Unknown to most local and regional fly fisherman, the Holston and French Broad Rivers are two of the most scenic rivers we have in the area. Because both are tailwaters, with regulated flows, temperatures remain fairly constant throughout the year and the smallmouth experience a longer growing season and a longer growing seasons means larger fish. What’s more, the tailwaters are much more apt to clear after a summer storm when compared to their free stone cousins which means we get a lot more fishable days close to home compared to outfitters on the other side of the continental divide. In short, if you want to hone your A-game, a smallmouth float trip on the tailwaters located just east of town is a great way to do it.
While smallmouth are extremely aggressive and will readily take a fly, an angler’s skill level needs to be slightly higher to catch these fish due to the need to cast larger line class rods accurately at greater distances. Typical gear on a smallmouth trip will include 6 to 8 weight rods with both floating and sinking tip lines. When fishing fly fishing for small mouth bass we recommend that you be able to accurately cast 50 feet and have your leader lay out straight. This will help ensure success.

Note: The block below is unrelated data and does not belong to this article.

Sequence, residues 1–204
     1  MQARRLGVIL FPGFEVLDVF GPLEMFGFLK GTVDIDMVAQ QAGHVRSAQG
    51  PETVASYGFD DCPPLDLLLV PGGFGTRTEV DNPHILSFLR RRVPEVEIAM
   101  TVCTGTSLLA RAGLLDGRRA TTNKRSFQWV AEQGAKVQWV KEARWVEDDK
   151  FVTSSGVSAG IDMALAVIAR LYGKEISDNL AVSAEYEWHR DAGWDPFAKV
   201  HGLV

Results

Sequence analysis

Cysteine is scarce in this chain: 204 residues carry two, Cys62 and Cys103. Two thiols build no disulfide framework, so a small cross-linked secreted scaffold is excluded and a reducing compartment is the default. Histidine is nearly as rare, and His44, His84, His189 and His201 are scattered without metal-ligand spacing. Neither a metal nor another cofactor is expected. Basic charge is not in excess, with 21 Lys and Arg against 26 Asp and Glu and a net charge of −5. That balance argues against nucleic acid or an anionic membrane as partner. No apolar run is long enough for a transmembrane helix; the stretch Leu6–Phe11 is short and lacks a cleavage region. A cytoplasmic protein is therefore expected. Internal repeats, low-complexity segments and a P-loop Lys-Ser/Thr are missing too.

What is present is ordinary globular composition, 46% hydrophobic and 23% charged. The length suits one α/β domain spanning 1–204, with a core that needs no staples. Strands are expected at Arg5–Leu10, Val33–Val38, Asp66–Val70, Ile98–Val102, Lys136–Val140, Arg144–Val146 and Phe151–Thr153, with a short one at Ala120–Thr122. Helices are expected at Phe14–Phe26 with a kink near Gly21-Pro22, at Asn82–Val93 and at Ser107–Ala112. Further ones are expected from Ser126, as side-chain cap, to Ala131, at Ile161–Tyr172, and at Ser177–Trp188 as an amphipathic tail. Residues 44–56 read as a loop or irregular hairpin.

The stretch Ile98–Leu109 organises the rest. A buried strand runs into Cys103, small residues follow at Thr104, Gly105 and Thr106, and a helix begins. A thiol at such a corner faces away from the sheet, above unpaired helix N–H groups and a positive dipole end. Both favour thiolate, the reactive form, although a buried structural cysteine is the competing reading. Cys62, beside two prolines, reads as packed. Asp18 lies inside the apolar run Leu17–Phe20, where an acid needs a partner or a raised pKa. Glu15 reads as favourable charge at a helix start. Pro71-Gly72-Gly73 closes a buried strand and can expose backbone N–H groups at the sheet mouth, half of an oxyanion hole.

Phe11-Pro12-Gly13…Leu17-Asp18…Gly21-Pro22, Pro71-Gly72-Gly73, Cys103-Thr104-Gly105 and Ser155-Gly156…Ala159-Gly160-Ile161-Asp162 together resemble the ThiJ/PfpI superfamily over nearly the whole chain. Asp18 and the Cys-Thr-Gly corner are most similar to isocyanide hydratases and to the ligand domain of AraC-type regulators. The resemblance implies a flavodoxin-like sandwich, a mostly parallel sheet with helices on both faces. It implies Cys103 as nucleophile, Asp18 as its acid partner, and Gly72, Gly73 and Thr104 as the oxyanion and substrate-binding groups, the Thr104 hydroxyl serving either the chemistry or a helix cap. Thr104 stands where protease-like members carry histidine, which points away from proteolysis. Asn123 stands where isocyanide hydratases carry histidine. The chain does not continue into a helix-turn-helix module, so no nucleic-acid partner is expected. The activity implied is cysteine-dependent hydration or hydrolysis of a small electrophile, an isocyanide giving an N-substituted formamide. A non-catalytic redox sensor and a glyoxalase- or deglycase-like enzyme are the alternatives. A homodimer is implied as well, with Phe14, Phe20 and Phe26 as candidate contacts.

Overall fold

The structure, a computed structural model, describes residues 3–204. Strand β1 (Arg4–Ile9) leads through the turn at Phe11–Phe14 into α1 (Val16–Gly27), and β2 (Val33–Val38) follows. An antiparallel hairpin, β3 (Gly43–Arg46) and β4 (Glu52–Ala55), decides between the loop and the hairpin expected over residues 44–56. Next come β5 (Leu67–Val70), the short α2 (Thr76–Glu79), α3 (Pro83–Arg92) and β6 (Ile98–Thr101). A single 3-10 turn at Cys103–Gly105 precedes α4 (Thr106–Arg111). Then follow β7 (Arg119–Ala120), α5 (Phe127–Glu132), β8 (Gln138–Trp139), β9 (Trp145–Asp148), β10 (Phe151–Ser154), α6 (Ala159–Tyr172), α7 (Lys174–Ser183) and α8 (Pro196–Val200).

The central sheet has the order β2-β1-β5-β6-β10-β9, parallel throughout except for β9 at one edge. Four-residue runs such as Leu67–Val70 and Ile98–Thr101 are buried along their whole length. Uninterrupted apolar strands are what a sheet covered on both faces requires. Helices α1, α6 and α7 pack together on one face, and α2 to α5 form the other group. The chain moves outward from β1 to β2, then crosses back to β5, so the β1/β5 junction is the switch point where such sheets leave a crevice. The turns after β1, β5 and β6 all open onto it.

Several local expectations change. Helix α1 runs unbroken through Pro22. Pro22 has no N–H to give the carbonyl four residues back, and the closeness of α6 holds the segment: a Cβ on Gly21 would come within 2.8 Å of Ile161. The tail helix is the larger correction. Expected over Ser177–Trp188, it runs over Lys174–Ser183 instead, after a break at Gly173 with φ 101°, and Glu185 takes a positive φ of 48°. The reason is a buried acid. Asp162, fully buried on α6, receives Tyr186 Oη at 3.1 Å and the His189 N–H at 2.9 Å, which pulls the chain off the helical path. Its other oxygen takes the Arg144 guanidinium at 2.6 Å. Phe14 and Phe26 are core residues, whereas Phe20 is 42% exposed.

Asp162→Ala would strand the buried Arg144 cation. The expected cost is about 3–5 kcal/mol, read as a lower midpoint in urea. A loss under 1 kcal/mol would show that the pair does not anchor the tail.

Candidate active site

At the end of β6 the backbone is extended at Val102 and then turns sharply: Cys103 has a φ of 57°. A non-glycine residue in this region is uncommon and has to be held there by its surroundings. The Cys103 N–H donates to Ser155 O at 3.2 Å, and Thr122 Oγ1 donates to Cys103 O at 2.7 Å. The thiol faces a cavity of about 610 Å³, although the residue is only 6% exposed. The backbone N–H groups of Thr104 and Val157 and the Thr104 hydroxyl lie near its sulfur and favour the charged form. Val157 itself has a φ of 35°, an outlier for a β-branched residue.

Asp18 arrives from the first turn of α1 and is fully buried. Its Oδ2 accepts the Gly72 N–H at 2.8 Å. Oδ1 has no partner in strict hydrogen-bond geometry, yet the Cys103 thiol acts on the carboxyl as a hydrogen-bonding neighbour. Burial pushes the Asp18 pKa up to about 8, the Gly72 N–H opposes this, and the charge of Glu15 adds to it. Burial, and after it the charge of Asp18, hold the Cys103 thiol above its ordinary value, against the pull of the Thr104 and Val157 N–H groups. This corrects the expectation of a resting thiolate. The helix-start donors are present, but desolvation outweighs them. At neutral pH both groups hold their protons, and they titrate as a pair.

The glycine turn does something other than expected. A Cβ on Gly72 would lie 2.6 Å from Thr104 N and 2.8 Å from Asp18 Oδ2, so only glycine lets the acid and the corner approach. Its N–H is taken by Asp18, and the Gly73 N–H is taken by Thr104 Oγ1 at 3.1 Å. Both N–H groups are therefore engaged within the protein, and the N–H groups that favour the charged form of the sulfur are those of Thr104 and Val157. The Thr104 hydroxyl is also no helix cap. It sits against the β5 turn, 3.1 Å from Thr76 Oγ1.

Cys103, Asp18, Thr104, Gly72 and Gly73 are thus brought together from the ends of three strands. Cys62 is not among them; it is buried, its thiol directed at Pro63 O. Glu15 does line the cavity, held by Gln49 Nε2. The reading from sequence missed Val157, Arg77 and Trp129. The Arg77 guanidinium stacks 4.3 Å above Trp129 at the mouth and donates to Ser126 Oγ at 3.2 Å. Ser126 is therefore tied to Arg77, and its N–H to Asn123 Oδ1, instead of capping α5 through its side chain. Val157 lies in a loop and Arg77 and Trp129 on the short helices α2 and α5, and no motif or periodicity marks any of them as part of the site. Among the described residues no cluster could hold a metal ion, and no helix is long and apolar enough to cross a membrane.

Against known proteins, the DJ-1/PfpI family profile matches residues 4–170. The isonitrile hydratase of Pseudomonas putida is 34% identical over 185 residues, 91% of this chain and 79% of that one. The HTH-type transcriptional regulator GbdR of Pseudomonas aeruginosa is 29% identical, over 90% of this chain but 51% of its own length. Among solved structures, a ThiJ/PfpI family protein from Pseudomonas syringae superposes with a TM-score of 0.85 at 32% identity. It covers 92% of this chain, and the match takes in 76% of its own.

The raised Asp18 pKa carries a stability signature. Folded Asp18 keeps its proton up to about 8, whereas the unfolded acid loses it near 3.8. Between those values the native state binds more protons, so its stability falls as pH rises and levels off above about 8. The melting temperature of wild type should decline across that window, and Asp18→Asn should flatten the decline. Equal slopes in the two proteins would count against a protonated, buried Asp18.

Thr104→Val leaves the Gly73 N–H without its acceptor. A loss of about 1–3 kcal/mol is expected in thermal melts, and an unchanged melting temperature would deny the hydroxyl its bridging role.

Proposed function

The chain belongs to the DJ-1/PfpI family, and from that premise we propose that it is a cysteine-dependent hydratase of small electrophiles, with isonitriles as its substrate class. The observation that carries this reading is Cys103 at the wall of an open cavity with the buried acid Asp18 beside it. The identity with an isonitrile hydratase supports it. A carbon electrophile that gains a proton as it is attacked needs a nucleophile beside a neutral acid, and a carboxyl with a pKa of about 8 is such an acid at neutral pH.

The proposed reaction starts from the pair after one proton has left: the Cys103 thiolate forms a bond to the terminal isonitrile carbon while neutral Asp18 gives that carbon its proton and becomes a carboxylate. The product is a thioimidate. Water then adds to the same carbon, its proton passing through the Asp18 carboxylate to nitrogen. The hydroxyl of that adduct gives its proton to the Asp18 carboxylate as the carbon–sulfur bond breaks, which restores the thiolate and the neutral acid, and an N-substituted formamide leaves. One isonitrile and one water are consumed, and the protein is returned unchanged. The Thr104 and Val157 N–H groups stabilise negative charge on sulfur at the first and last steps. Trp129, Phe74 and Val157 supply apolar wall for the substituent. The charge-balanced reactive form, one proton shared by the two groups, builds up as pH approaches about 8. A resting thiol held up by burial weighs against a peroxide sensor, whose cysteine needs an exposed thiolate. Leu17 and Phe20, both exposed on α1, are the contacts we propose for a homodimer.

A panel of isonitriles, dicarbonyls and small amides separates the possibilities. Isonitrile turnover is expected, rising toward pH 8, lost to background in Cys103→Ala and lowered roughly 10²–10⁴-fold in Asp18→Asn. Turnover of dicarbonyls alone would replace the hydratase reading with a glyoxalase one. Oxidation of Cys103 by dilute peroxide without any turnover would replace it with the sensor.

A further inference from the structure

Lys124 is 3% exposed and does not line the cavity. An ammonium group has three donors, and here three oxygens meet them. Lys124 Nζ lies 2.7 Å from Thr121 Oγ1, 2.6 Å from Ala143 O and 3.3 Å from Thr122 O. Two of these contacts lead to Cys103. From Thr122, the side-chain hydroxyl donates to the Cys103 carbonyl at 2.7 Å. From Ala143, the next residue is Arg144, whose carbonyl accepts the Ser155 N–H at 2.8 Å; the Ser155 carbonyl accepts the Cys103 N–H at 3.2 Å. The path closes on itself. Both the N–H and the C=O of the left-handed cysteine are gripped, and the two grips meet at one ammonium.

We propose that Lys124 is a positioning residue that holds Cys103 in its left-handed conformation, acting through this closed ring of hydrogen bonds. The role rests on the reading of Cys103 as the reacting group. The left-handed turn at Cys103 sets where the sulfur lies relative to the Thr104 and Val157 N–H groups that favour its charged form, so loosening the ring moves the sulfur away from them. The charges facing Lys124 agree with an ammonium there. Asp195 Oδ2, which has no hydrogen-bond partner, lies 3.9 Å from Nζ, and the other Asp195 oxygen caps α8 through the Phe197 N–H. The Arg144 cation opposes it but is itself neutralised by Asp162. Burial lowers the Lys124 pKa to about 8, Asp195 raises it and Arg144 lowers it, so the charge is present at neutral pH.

While the tailwaters close to home are where we spend the majority of our fishing time, we do venture out further afield when conditions allow. The upper Clinch River above Norris reservoir, the Pigeon, the Little Pigeon, and the Nolichucky Rivers are all fantastic free stone resources. The best time to get on one of these rivers is late in the spring or early summer before water levels have dropped too drastically to permit navigation. While small mouth are our primary focus on all of these float trips, the beauty of a warm water float is that you never really know what you are going to catch. We commonly catch carp, gar, hybrid bass, white bass, striped bass, freshwater drum, walleye, and cat fish on our floats. Don’t forget your swimsuit!